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The European Spruce Sawfly in New Hampshire 1938

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In northern New England spruce is more esteemed than any other tree by both foresters and land-owners. It forms the basis of the pulp and paper industry, is in demand for lumber and piling; red spruce clothes steep mountain sides in the east and is the most important species in watershed protection and for scenery. Species of spruce are also extensively planted around reservoirs, for timber production and windbreaks. Spruce is a popular tree in forestry. Thus when any pest threatens to kill spruce, and has actually demonstrated its capacity to do so over large areas something ought to be done about it. The following report on the spruce sawfly attack in New Hampshire during 1938 and what was done about it will be of especial interest to foresters in the spruce region.

Document Type: Journal Article

Affiliations: New Hampshire Forestry and Recreation Department

Publication date: 1939-11-01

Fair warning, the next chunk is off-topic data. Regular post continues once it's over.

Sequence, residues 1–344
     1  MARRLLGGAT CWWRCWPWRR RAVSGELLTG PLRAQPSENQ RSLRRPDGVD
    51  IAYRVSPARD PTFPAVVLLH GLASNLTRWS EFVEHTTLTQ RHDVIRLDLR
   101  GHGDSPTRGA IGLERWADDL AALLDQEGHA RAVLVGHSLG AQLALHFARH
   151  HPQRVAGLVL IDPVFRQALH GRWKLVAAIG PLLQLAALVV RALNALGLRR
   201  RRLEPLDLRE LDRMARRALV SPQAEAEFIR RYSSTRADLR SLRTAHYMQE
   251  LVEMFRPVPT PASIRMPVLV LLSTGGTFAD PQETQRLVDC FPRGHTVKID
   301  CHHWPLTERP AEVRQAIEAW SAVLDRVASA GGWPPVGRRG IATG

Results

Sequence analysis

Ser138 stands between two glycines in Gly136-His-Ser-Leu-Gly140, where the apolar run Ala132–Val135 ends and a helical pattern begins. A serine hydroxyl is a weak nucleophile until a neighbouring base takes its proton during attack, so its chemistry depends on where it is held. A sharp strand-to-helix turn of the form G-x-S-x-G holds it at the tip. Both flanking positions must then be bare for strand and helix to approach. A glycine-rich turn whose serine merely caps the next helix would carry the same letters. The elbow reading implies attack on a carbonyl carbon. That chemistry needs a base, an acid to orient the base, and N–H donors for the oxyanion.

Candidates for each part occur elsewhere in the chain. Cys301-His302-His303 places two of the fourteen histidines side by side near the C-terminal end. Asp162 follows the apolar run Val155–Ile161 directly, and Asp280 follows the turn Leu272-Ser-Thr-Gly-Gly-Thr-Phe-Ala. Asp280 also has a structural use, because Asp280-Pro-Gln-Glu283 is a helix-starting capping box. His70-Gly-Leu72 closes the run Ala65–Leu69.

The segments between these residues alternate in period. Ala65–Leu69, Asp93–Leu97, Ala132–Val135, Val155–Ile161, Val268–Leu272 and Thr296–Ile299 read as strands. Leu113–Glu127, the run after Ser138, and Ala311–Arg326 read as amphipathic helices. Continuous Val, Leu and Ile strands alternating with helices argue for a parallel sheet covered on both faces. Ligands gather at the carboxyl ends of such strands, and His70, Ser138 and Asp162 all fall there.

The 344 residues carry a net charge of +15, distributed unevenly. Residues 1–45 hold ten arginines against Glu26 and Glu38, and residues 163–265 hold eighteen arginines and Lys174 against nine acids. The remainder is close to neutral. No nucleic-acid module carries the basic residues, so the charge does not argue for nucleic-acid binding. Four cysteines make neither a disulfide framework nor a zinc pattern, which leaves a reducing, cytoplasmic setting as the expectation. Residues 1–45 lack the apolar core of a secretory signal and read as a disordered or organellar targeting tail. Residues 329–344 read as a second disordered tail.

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  • The Journal of Forestry is the most widely circulated scholarly forestry journal in the world. In print since 1902, the Journal has received several national awards for excellence. The mission of the Journal of Forestry is to advance the profession of forestry by keeping forest management professionals informed about significant developments and ideas in the many facets of forestry: economics, education and communication, entomology and pathology, fire, forest ecology, geospatial technologies, history, international forestry, measurements, policy, recreation, silviculture, social sciences, soils and hydrology, urban and community forestry, utilization and engineering, and wildlife management. The Journal is published bimonthly: January, March, May, July, September, and November.

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